in the sequential mode, the start recording condition is met when the processor determines the idle time exceeds a second idle threshold; and
the first idle threshold is larger than the second idle threshold.
8. The optical disc drive as claimed in claim 5, wherein:
in the random mode, the start recording condition is met when the processor determines the duration exceeds a first duration threshold;
in the sequential mode, the start recording condition is met when the processor determines the duration exceeds a second duration threshold; and
the first duration threshold is larger than the second duration threshold.
9. A buffer management method, adaptable in an optical disc drive to access an optical disc, comprising:
receiving a plurality of write commands, each write command comprising a data block and a destination address;
buffering the data blocks to be recorded to the optical disc in either a random mode or a sequential mode;
analyzing arrangements of the data blocks buffered in the buffer;
generating a plurality of disc write tasks, wherein each disc write task is generated for a subset of the data blocks having consecutive destination addresses into;
scheduling a recording operation based on the generated disc write tasks;
counting a total number of the generated disc write tasks as a task number;
selectively switching the buffer to the random mode or to the sequential mode based on the task number; and
performing the recording operation to record the data blocks to the optical disc when a start recording condition is met; wherein the start recording condition varies with the random or sequential modes.
10. The buffer management method as claimed in claim 9, further comprising, when the task number exceeds one, switching the buffer to the random mode.
11. The buffer management method as claimed in claim 9, further comprising, when the task number is zero, switching the buffer to the sequential mode.
12. The buffer management method as claimed in claim 9, further comprising, when the task number is one, determining whether an incoming write command has a destination address consecutive to those in the disc write task, if so, switching the buffer to the sequential mode, otherwise the random mode.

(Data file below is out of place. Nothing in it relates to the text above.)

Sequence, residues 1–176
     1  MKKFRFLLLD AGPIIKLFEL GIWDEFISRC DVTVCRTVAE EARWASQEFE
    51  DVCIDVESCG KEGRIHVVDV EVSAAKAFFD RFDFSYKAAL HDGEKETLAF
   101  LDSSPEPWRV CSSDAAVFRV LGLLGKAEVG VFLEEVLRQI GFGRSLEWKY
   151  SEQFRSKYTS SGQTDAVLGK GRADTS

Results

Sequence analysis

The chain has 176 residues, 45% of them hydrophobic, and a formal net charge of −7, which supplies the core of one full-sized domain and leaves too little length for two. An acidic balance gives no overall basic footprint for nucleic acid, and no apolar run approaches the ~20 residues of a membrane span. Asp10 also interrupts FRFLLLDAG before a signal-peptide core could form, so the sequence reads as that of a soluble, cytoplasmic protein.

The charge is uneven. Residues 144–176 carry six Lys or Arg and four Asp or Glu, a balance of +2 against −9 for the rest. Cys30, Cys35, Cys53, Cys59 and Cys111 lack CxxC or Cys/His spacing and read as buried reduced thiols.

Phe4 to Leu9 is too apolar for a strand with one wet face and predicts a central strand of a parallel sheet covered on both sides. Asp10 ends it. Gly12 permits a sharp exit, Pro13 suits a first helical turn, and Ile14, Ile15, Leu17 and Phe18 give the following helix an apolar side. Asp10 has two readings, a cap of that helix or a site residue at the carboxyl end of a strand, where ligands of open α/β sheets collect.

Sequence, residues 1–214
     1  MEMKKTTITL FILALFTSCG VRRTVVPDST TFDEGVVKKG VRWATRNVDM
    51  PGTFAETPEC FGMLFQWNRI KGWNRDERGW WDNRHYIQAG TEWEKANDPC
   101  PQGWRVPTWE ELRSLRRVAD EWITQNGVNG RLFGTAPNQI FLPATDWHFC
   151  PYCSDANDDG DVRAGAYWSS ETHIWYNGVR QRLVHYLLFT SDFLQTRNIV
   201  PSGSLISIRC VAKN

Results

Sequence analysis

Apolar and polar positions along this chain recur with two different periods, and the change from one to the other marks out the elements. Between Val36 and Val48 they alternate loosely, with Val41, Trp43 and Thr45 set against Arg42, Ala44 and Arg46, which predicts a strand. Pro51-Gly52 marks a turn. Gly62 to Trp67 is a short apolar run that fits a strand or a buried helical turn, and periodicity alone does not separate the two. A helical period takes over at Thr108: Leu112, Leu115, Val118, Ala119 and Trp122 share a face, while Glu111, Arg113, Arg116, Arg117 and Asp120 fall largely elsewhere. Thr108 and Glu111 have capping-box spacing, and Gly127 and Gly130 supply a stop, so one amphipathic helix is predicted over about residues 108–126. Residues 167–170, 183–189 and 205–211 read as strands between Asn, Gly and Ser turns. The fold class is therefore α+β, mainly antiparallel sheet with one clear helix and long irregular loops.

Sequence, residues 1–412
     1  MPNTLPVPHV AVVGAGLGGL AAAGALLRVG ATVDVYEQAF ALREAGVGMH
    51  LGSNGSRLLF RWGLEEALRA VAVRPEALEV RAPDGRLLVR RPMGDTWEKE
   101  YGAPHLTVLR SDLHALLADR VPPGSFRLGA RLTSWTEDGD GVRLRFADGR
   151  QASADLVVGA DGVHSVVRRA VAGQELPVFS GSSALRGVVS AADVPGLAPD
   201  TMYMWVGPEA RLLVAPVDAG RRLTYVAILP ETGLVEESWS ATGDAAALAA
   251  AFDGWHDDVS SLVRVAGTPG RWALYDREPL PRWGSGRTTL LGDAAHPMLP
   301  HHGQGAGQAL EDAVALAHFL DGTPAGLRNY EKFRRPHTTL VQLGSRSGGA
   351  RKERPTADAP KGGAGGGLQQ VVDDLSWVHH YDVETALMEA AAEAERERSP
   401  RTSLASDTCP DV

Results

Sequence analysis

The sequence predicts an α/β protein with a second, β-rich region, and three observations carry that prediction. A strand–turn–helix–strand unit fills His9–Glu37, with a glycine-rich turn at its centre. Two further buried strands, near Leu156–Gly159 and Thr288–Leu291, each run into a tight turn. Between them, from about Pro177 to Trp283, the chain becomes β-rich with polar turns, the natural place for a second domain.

13. The buffer management method as claimed in claim 9, wherein the start recording condition comprises buffer fullness, an idle time from last activity of the buffer, duration since the last recording operation was performed, or the task number.
14. The buffer management method as claimed in claim 13, further comprising:
in the random mode, when the buffer fullness is smaller than a first capacity threshold, deeming the start recording condition to be met;
in the sequential mode, when the buffer fullness is smaller than a second capacity threshold, deeming the start recording condition to be met, wherein the first capacity threshold is smaller than the second capacity threshold.
15. The buffer management method as claimed in claim 13, further comprising:
in the random mode, when the idle time exceeds a first idle threshold, deeming the start recording condition to be met;
in the sequential mode, when the idle time exceeds a second idle threshold, deeming the start recording condition to be met, wherein the first idle threshold is larger than the second idle threshold.
16. The buffer management method as claimed in claim 13, further comprising:
in the random mode, when the duration exceeds a first duration threshold, deeming the start recording condition to be met;
in the sequential mode, when the duration exceeds a second duration threshold, deeming the start recording condition to be met, wherein the first duration threshold is larger than the second duration threshold.
Description
CROSS REFERENCE TO RELATED APPLICATIONS

This application claims the benefit of U.S. Provisional Application No. 60/890,204 filed on Feb. 16, 2007.

BACKGROUND OF THE INVENTION

1. Field of the Invention

The invention relates to optical disc drives, and in particular, to buffer management in random access optical discs.

2. Description of the Related Art